Steely, soulful rejections of social injustice from Israel Nash
Release Date: 12th March 2021
Label: Loose Music
Formats: CD / Vinyl / Limited Edition turquoise vinyl / Digital
Topaz is the seventh album from Missouri Minister’s son, Israel Nash, and it’s a passionate, soul-laden observation of the social injustices that divide Western society. Israel Nash will, of course, be familiar to many At The Barrier regulars. Often described as a “Metaphysics loving hippie,” he learned his trade in the clubs of Lower East Side, New York City, before relocating, in early 2011 to the infinitely more pastoral surroundings of Dripping Springs, Texas (population estimated at 4,667 as of 2018.) Now housed in a ranch he refers to as his “forever home,” he’s built himself a studio in a Quonset hut, where he spent much of 2020 recording the mix of soul, gospel, psychedelia and folk/rock that forms the basis of Topaz.
Israel names a list of influences that include Neil Young, Dennis Wilson, Crosby, Stills and Nash, Gene Parsons and Pink Floyd, and those influences are all detectable, sometimes vividly, in the ten songs that comprise Topaz. He has a Masters degree in Political Science and his political ideas inform virtually all these songs. He clearly views the deep rifts in American (and, by extension, Western) society with frustration and despair but he seeks to understand the desperation of those who are screwed over by the ‘system’ and exploited by political and commercial opportunism. As Israel says: “Music can be the space where people think – even for just a few minutes. The space is not about changing their lives or political views or their party ticket. It’s about creating something that prompts reflection in a moment – and those reflections have other chain reactions.” Well – let’s hope so…!
Initially, Israel was intending to put his next album together using a group of Austin-based musician friends, but COVID quarantine put paid to most of that ambition. He was forced, by circumstance, to work on the album mainly alone. Rumour does suggest, however, that contributions from Black Pumas’ guitarist Adrian Quesada, the horns section from Afrobeat collective, Hard Proof, and, best of all, the magnificent pedal steel guitar of Eric Swanson all made the cut. The result is a sound that recalls a mix of vintage Crazy Horse, classic Stax Southern Soul and a few swampy hints of Creedence.
The subject of societal divisions is there from the outset on opening track Dividing Lines: a lazy number with a chord sequence that evokes Dark Side Of The Moon, but laden with divine pedal steel and subdued horns. Closer leaves the political frustrations to one side for the moment and pushes an altogether more ethereal message, wrapped up in ghostly vocals and more of that pedal steel, before Down In The Country, a real early highlight, gets back on message with a swipe at the way rural poverty has fueled social division and created the opening for Trump opportunism. And the message is delivered by sleazy horns and topped off by a wonderful guitar solo. Brilliant!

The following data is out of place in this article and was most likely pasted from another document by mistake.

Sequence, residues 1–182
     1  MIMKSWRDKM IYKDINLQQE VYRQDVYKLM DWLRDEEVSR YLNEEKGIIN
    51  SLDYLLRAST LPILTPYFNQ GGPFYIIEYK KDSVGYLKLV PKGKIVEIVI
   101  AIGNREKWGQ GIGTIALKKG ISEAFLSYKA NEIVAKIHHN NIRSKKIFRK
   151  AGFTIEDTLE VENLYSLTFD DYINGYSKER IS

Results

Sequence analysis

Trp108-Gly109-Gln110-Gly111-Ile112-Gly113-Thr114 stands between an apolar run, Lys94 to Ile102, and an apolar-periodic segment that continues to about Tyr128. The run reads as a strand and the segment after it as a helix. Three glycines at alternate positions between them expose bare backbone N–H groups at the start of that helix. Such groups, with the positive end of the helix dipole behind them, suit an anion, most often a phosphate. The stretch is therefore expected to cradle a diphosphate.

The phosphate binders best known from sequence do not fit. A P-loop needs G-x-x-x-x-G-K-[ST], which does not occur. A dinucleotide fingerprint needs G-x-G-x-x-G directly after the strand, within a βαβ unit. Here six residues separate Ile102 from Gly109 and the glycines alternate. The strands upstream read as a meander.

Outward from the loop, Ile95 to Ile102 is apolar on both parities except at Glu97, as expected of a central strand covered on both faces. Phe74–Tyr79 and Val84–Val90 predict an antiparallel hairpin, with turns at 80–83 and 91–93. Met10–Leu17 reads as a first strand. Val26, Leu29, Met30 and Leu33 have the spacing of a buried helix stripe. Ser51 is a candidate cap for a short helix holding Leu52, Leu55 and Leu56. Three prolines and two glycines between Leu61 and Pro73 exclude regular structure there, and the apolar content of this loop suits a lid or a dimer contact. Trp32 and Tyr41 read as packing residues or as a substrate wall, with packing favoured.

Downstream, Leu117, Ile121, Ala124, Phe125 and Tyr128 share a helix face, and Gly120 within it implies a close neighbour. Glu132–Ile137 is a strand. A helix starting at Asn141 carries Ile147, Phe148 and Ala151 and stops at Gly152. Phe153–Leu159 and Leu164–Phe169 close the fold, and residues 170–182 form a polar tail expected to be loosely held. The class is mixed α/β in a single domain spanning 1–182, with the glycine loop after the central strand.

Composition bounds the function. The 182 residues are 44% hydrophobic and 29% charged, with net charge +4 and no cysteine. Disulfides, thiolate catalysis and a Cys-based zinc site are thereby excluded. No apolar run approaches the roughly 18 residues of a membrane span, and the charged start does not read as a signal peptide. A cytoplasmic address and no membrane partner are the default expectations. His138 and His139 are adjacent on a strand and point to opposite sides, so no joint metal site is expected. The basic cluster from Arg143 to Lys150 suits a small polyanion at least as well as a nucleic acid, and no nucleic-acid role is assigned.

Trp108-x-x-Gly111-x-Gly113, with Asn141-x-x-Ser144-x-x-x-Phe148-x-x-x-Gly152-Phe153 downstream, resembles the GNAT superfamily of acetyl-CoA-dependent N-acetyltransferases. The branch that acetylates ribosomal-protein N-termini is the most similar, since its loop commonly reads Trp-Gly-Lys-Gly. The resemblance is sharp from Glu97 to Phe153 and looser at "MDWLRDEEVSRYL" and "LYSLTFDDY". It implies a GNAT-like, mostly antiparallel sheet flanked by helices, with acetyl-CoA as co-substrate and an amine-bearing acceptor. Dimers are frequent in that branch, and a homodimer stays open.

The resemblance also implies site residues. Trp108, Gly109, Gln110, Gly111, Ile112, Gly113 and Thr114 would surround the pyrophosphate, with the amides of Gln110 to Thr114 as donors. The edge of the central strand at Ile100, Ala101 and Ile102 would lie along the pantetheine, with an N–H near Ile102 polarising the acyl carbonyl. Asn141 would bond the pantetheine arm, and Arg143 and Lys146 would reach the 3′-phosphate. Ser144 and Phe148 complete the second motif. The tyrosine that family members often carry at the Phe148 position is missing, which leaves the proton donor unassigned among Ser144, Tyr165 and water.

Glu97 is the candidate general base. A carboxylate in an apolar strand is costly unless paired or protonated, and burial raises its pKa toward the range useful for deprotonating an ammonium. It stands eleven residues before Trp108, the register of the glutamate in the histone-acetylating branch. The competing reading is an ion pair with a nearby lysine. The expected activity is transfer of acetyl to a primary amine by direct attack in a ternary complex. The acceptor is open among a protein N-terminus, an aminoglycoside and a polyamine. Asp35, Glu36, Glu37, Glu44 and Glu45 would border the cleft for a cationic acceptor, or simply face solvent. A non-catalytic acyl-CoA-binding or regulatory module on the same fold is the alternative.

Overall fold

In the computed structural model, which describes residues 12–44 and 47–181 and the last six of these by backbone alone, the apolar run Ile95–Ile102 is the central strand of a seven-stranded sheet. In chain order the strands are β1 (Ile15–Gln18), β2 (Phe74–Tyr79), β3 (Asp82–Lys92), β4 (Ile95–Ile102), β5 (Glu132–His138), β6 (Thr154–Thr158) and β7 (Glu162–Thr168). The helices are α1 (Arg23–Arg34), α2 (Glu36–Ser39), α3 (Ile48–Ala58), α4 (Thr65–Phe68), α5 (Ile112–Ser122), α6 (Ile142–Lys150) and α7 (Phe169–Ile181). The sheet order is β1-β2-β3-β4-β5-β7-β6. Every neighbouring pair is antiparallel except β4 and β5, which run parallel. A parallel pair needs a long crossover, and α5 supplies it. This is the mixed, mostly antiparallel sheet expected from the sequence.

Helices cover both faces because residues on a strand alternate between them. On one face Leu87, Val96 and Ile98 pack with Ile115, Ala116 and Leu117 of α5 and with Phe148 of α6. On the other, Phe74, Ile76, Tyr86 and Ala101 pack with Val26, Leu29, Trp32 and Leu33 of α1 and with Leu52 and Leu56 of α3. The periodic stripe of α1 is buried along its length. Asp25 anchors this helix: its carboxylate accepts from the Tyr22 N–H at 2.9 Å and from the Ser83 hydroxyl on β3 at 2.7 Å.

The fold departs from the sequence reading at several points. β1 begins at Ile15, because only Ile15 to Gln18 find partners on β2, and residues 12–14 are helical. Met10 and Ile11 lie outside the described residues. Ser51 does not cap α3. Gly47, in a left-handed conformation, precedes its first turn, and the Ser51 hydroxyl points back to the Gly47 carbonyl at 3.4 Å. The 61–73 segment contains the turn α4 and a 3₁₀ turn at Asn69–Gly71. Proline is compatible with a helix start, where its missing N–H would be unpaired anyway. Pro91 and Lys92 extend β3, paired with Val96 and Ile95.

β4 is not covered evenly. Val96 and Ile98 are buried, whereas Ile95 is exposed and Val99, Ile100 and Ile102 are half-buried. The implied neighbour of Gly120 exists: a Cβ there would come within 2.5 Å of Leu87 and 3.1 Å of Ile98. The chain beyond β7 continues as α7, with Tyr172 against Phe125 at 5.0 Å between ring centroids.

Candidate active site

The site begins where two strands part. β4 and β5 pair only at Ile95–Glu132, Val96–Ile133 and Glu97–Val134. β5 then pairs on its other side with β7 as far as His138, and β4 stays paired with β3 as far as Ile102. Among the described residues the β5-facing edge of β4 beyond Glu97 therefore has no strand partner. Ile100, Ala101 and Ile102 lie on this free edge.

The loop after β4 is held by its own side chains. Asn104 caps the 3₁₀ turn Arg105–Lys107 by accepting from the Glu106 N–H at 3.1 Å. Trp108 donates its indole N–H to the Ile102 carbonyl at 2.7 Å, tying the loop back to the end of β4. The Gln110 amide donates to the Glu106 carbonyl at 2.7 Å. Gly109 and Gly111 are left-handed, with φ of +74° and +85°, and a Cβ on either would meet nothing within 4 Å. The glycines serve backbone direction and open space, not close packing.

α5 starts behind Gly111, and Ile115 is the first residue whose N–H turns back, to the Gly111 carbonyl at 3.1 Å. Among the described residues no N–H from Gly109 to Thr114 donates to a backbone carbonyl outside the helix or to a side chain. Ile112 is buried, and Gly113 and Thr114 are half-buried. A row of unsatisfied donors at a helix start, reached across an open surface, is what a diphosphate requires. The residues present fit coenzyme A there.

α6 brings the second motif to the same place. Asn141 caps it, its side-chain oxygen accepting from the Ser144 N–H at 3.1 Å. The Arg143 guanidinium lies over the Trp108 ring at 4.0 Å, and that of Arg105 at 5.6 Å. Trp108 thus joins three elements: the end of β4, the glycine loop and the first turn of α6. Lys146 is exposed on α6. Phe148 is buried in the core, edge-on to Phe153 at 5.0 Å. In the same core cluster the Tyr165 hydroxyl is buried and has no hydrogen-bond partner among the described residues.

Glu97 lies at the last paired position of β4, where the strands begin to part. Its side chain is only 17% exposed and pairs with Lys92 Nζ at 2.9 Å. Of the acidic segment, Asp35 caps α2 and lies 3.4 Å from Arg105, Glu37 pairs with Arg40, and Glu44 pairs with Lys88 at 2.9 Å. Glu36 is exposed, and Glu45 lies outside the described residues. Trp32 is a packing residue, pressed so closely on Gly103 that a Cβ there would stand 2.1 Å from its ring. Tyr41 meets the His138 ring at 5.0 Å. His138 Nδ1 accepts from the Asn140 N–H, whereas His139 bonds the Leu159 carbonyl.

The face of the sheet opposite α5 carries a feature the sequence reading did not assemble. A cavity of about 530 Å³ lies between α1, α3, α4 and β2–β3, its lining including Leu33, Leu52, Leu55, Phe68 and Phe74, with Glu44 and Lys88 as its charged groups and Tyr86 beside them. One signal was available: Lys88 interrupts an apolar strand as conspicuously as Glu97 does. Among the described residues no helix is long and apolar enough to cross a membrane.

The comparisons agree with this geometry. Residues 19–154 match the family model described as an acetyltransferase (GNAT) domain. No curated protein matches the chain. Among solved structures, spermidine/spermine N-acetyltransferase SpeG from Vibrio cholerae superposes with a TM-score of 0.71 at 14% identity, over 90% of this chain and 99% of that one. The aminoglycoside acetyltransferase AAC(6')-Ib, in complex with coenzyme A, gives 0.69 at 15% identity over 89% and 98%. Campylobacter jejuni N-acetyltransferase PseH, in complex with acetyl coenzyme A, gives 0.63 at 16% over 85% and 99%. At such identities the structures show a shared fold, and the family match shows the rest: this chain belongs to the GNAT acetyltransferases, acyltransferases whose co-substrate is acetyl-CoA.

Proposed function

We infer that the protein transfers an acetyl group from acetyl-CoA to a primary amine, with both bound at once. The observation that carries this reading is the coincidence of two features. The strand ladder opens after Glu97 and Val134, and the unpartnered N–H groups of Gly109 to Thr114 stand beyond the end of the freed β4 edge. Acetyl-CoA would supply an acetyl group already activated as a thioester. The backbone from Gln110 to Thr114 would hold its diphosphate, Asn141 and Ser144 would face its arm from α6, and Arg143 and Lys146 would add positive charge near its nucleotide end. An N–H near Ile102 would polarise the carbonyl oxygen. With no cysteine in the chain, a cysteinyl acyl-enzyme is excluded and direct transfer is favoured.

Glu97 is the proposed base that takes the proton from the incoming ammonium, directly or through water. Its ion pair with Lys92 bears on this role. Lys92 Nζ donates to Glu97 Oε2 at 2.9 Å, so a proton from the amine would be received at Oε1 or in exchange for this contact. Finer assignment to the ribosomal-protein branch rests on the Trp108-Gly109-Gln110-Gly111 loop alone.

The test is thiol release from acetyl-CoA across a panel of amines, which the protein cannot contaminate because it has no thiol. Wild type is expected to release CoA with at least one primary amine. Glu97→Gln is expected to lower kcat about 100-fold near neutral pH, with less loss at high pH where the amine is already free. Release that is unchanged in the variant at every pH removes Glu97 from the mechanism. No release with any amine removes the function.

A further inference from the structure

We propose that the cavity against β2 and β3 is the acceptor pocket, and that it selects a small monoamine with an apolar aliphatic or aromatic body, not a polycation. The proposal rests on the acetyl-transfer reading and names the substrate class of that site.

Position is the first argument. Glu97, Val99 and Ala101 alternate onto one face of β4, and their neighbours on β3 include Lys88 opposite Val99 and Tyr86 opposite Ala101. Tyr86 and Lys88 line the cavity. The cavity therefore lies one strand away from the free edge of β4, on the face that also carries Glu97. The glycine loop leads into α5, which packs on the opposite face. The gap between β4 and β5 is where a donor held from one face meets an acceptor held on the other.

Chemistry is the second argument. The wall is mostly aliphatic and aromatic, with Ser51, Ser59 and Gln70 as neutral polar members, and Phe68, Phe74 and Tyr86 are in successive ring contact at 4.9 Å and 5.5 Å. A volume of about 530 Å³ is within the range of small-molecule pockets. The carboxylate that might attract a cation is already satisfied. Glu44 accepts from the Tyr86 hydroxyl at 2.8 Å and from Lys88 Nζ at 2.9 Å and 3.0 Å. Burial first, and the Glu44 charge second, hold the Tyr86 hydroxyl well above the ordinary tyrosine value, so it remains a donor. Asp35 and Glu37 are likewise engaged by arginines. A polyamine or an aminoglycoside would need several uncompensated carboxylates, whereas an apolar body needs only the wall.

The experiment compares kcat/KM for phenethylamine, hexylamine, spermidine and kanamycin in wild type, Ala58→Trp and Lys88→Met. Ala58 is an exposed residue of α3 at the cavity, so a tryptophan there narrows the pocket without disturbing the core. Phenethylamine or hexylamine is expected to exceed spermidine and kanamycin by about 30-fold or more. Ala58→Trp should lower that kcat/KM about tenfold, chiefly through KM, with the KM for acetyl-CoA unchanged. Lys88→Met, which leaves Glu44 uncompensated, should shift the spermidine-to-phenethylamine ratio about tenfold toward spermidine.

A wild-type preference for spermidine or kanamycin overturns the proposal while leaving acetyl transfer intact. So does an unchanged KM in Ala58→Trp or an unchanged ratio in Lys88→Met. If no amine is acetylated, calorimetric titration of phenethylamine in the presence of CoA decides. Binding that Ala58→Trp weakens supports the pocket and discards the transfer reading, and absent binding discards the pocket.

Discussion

Bass and percussion dominate the dreamy Southern Coasts whilst the smooth, atmospheric Stay sounds like a song that Glen Campbell would have taken to immortality – a sophisticated pop ballad with a lush, soulful edge and containing some excellent guitar soloing. The spacy Canyonheart comes over like a cross between Lennon’s Mind Games and Dylan’s Knocking On Heaven’s Door with its weeping pedal steel and flashes of harmonica that lead into a soaring, anthemic chorus. Even better is the excellent Indiana, a song that seeks and yearns for isolation and solitude and is pure Neil Young, dripping with more wonderful sax and pedal steel work.
We take a short break with the dreamy ballad Howling Wind before we reach Sutherland Springs; for me, the crowning glory of this excellent album. It’s a song about the worst mass shooting in Texan history, during which Devin Patrick Kelley killed 26 and wounded 20 of the congregation at Sutherland Springs Baptist Church in November 2017. The song is suitably solemn and sets the scene of the shooting before going on to search for the answers and reasoning that, of course, can’t be found. Tears are wept by the awesome pedal steel and the whole thing climaxes with a chorale of voices and some wild psychedelic guitar. A great song.
Closing track, Pressure, was recorded alone by Israel at the height of the COVID quarantine and it tells a story from the viewpoint of a victim of the faceless ‘system, giving a graphic insight to the frustration and desperation that is endured. It’s another great song with organ and horns that give a soulful feel and the overall effect hints at a meeting between Marvin Gaye and John Fogerty.
Topaz is an excellent piece of work. The horns and the gospel-flavoured backing vocals provide a more soulful feel than Israel has perhaps previously achieved. He was looking for a cohesive and compelling new addition to his critically-acclaimed back catalogue and, in my opinion, he’s achieved exactly that.
Listen to Down iIn The Country from the album here: